As much as players, particularly the black ones, are chastised in the media for their lavish lifestyles, an NFL contract is the economic hope of many poor black youths and their families. There may only be little more than 1,700 African-American men with deals, but that is still 1,700 six-, seven- and eight-figure deals that families and friends of the players are relying on for their economic security. For all the expensive cars and frivolous clubbing, these guys are also propping up immediate and extended family on their salaries. As the checks get bigger, it's not surprising the number of kids playing at earlier and earlier ages increases. For too many, this is their answer to debilitating poverty.

      Andre Waters was diagnosed with CTE after his suicide in 2006. — Photo via Wikimedia Commons

      The fallout from these concussion findings may be that we see football becoming a sport largely played by those that either don't fully grasp the damage the sport will do to their bodies for the rest of their lives or, worse yet, are desperate enough to take that risk despite the data. "Information is reaching a lot of people, but it is reaching those who have higher incomes," Dr. Keith Strudler, Director of the Marist College Center for Sports Communication told the site Diverse. It's easy to envision football becoming even more entrenched as a gladiatorial sport played by poor black men for the pleasure of people who would never want to risk the results of being tackled at full speed themselves.

      Several years ago, writer Cord Jefferson wrote a piece called "Football as Black Servitude" at The Awl. His predictions have only become truer as recent findings about CTE have come to light

      Where some see the Super Bowl, I see young black men risking their bodies, minds and futures for the joy and wealth of old white men... According to a study from last year, NFL players develop dementia and Alzheimer's at a rate more than five times that of average Americans...In other words, many professional football players–almost 70 percent of whom are black–are literally killing their brains...

      This is truly a moment of reckoning for America's television viewers, as we come to realize to continue to support the sport as is may be morally unconscionable. Football is dangerous. It's that simple. Even Bob Costas, the lead anchor for the NFL's Sunday Night broadcast on NBC, thinks so:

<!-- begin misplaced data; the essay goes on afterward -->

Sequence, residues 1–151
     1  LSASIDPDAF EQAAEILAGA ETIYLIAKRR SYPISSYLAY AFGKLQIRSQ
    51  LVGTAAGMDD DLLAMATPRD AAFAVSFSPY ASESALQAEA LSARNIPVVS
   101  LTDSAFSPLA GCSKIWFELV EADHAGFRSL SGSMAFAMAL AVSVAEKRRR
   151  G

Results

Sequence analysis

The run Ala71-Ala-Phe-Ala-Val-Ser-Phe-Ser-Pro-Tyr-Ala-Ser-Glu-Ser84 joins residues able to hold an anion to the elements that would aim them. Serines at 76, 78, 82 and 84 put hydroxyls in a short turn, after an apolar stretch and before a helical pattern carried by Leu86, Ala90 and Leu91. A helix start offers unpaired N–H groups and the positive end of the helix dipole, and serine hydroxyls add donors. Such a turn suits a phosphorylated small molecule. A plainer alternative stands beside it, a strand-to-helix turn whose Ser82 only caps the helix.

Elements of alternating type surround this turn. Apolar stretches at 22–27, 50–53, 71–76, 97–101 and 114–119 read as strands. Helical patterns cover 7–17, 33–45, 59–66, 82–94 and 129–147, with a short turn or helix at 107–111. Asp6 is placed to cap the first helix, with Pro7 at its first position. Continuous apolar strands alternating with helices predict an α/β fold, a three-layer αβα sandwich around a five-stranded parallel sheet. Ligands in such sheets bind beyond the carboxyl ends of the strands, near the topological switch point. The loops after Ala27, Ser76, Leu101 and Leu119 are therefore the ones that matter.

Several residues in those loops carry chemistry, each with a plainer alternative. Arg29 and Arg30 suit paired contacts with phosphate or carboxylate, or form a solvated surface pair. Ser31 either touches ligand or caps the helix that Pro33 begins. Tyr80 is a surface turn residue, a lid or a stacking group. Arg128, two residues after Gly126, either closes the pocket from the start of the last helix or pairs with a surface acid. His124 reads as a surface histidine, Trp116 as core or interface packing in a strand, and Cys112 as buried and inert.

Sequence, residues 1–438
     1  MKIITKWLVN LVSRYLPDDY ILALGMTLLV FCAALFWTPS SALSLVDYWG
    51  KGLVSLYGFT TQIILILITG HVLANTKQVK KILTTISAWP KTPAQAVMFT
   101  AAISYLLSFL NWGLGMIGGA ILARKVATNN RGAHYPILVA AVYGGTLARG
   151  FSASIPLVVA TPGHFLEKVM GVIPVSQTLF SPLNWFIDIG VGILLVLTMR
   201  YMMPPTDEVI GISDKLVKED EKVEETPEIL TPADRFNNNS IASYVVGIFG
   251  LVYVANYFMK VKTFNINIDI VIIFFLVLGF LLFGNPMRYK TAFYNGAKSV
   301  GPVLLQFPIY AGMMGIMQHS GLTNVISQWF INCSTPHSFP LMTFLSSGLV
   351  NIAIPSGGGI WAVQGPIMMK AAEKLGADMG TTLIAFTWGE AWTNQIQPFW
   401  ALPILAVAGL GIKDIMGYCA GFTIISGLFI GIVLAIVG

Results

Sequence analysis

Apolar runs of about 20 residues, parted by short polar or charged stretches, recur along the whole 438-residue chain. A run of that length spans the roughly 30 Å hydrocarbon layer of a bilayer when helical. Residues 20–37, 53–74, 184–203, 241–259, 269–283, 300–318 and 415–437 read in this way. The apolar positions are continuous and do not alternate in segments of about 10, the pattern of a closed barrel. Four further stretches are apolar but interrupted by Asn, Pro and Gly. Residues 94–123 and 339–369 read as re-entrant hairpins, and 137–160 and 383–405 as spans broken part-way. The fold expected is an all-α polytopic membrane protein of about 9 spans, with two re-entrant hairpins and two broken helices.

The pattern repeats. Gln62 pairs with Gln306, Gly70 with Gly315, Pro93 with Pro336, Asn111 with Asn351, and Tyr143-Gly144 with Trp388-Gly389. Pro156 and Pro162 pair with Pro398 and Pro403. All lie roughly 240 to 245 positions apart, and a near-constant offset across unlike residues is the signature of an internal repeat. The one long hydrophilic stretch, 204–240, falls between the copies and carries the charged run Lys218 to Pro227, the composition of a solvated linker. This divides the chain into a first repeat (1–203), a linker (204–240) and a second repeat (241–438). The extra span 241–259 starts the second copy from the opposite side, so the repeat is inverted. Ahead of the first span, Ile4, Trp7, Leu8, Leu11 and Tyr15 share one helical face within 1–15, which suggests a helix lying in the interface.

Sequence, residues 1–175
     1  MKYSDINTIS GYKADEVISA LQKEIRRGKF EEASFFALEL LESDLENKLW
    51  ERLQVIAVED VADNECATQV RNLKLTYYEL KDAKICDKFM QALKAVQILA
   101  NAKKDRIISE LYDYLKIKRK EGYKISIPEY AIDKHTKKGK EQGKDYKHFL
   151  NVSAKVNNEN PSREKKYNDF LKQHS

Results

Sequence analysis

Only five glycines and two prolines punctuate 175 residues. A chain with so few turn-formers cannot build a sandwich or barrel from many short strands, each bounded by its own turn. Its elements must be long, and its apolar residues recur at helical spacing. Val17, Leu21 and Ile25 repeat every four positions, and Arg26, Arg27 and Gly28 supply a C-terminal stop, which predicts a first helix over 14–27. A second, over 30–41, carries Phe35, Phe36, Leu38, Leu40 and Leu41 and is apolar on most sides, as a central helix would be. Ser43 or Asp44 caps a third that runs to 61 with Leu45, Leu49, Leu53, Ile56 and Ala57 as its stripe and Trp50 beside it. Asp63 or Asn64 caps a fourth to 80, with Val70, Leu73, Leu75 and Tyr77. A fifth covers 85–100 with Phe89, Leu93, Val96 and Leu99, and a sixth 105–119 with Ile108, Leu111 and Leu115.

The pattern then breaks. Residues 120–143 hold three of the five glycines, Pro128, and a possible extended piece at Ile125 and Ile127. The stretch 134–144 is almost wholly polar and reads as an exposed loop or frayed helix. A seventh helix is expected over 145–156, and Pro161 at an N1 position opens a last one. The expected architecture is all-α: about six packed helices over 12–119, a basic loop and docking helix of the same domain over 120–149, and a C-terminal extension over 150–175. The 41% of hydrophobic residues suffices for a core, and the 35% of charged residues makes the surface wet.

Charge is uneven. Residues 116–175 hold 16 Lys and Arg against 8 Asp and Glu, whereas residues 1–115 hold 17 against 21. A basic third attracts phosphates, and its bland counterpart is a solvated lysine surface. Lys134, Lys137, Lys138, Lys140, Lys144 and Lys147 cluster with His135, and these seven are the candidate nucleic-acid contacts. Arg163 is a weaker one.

"Common sense and evidence lead me to the conclusion that football has an existential problem ... with the very nature of the game," Costas said. "[During every NFL scandal] people in the media and some football people say, 'We hope to get our focus back on the field.' But it's when you get to the field that you find football's single most significant and ongoing problem... You can't play football at the [highest] level ... without a substantial portion of players suffering some sort of brain trauma."

      In a country with a historical propensity to disregard and degrade the value of black men, football broadcasts the damaging of their bodies and minds on national television every weekend—for all of our enjoyment. For years, we've heard about the discipline that football instills, the values. But given what the game does, and how callous those getting rich from all that damage are about it, it's fair to ask: what are football's values, really? And even if they were something we could live with, or even desire, is instilling all those hoary virtues a fair trade off for the possibility—probability, even—of long term and short term brain damage?

      America must decide whether it can support a game with such clearly devastating effects. If we do in fact care, we'll need to turn off the television on NFL Sundays or demand that the sport change itself. That would mean more honest research into brain trauma. That would mean more education and stricter protocols. It could even mean changing the way the game is played. It may ultimately mean the end of football as we know it.

      As a nation we must finally start to consider football's lasting impact beyond the field. Black lives have to matter at every level of society, including on the gridiron.